Airline leasing company BOC Aviation filed the request in the High Court of Malaya at Kuala Lumpur to register the UK’s court ruling on AirAsia X. In November 2020, the UK court judged that the airline must pay the leasing company more than $23 million for outstanding aircraft lease liabilities.

BOC Aviation took steps to take the UK‘s court decision into action by registering the foreign judgment on AirAsia X in the Malaya’s High Court on December 7, 2020. The airline is reviewing the documentation received and will be seeking legal advice.

„The financial impact to the Group will be a cash outflow equal to the amount of the said notice, if successful. There is no operational impact to the Group,“ AirAsia X stated in an announcement published on December 8, 2020.

On November 23, 2020, a Singapore-based lessor won its lawsuit against AirAsia X. The High Court of England and Wales ordered the embattled air carrier to pay almost $23.5 million over outstanding lease payments and other financial obligations relating to what was established as a breach of obligations for four non-specified aircraft lease agreements. In addition, to more than $23 million, the UK’s court designated the airline to pay up to $101,000 to BOC Aviation to cover the legal costs.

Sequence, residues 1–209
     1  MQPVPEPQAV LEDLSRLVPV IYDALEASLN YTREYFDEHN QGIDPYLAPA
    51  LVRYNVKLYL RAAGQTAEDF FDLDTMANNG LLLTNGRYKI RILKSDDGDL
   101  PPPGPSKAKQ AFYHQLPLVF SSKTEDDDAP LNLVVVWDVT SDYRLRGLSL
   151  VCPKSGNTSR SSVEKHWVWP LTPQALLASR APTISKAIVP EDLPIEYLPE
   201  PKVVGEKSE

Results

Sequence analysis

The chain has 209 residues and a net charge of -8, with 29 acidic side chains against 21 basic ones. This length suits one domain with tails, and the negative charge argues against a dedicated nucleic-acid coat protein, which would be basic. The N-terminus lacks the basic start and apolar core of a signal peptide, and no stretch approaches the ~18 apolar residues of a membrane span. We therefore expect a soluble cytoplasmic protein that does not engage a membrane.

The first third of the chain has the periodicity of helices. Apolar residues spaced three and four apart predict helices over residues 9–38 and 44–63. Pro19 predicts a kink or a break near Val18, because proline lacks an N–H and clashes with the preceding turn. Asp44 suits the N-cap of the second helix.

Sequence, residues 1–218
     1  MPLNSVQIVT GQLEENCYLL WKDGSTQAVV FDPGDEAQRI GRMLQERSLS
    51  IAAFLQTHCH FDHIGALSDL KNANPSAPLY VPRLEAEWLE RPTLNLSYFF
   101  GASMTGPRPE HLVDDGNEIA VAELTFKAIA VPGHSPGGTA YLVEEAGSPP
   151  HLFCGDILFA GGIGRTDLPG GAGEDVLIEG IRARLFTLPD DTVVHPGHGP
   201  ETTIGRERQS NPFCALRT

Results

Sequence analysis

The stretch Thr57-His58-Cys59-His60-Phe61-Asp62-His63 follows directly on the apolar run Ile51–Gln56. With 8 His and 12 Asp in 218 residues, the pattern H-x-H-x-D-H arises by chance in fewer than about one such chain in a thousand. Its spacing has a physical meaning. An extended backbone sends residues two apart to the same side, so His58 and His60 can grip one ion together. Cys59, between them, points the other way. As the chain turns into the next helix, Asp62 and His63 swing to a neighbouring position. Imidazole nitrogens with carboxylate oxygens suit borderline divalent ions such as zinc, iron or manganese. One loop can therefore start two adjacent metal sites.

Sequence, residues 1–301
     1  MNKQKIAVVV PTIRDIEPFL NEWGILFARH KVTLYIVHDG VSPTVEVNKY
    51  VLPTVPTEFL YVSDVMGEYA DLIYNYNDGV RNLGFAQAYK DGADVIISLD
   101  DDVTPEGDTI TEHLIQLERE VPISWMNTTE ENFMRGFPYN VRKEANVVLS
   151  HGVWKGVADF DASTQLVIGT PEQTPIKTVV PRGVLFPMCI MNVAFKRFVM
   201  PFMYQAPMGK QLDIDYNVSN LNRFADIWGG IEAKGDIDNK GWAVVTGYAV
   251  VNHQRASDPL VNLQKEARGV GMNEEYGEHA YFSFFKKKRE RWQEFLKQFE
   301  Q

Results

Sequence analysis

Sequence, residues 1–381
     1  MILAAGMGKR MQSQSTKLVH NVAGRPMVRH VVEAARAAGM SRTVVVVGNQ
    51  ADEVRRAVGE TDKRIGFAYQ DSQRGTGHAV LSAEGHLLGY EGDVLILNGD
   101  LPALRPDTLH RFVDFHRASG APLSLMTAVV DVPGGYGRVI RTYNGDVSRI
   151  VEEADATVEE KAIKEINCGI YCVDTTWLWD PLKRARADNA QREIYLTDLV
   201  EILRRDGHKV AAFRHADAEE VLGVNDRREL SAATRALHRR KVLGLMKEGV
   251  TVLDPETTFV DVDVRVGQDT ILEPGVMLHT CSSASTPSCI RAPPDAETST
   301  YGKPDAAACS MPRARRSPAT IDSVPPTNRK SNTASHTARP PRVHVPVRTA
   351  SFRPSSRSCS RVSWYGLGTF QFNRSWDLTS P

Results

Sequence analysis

BOC Aviation filed its claim in the UK court in early September 2020. According to the leasing company, the parties signed a leasing agreement for four aircraft in November 2014 and later revised it in December 2018. 

According to PlaneSpotters fleet data, the AirAsia X fleet is composed entirely of A330-300s. The airline has 23 aircraft of the type as of December 9, 2020. 

The UK’s court judgment against AirAsia X appears to be the largest recovery litigation case so far. On August 25, 2020, Irish leasing company Peregrine Aviation Echo sued Bejing’s Capital Airlines in London over an unpaid lease agreement for two Airbus A330-200 aircraft allegedly reaching $7 million.

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AirAsia X, a long-haul subsidiary of AirAsia Group, announced its $15.3 billion debt restructuring scheme as a measure to escape liquidation following unsuccessful attempts to meet its financial obligations.